What about our right to property?
Radical Locofocoism was both implemented and watered down at the same time. New York’s Anti-Rent War and the Revolutionary Constitution of 1846.
Mike Munger joins us to discuss his new book and the future of the sharing economy.
To begin our series on the book that practically made modern political philosophy, we join Locke in demoting Adam from global dictator to mere father.
George H. Smith explores Rand’s contention that America was sliding down a slippery slope to fascism.
Frances Whipple was almost your standard aristocrat, heir to an elite family name; but through a life of radical activism she helped transform America.
Diego Zuluaga joins us for a discussion on cryptocurrencies.
Whipple ends her feat of mediumship by chastising her audience for holding up a mere piece of paper as an idol worthy of thoughtless devotion.
Smith examines and criticizes Richard Ashcraft’s arguments that Locke was significantly influenced by the Levellers.
Channeling the spirit of Union Col. E. D. Baker, Frances Whipple became one of the earliest prominent voices for abolition in California politics.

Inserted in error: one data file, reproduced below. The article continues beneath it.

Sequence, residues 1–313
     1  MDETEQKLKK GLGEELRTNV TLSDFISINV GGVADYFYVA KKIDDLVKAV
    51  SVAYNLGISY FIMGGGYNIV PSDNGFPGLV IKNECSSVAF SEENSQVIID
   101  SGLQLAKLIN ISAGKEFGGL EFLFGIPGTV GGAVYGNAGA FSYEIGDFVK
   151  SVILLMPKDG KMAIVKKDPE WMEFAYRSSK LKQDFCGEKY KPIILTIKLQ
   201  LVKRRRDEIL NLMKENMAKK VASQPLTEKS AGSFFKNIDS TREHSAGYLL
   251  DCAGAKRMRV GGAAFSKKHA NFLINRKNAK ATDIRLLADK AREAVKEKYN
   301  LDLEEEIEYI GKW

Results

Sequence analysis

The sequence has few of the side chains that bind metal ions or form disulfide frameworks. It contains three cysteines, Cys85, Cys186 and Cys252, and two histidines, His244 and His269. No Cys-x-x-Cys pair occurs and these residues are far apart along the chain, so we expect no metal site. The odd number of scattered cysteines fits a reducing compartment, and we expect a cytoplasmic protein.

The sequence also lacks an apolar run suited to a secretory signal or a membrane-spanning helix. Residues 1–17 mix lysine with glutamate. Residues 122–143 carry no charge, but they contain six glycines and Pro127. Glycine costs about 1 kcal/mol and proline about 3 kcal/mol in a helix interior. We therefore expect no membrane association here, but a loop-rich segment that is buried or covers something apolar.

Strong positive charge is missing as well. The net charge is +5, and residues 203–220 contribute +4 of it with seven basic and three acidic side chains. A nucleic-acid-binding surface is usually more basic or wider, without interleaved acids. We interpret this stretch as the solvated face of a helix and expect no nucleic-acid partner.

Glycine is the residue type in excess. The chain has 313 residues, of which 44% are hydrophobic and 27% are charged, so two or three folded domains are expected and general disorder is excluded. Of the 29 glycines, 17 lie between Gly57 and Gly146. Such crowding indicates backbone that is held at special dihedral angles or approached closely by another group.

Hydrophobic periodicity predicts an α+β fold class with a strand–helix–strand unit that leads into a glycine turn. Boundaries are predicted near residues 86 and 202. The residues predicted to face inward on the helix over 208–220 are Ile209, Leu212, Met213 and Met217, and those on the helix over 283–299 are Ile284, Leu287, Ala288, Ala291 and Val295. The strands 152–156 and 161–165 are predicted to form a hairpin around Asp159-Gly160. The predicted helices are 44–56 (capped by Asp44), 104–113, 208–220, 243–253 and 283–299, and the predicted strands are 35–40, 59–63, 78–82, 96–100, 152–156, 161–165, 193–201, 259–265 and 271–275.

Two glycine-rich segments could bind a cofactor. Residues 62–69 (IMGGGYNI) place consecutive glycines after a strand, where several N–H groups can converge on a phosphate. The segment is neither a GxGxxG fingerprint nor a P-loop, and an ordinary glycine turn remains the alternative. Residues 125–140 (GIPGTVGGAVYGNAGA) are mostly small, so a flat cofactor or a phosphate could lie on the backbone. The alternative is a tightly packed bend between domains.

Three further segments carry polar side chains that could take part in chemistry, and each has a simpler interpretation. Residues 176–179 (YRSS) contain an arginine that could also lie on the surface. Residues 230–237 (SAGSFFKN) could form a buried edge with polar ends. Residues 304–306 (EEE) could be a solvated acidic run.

The course of world history itself depended on the outcome of the Dorr War and the actions of early libertarian women like Ann Parlin.
Smith discusses some circumstances that led to the formation of the abolitionist Liberty Party in 1840.
From the Wisconsin territorial capitol, Abram D. Smith captivated his audience with tales of an electrified future of global republicanism.
The New York Times editorial board has it all wrong.
Dan Ikenson joins us to answer one important question: is the United States in a trade war?
Kuznicki draws a parallel between the “God of the Gaps” fallacy and how some people justify the state.
New technologies might help integrate communities living under local, customary property law into the global economy.
George H. Smith explains an important controversy about when the Two Treatises was written and the influence of the Levellers on Locke.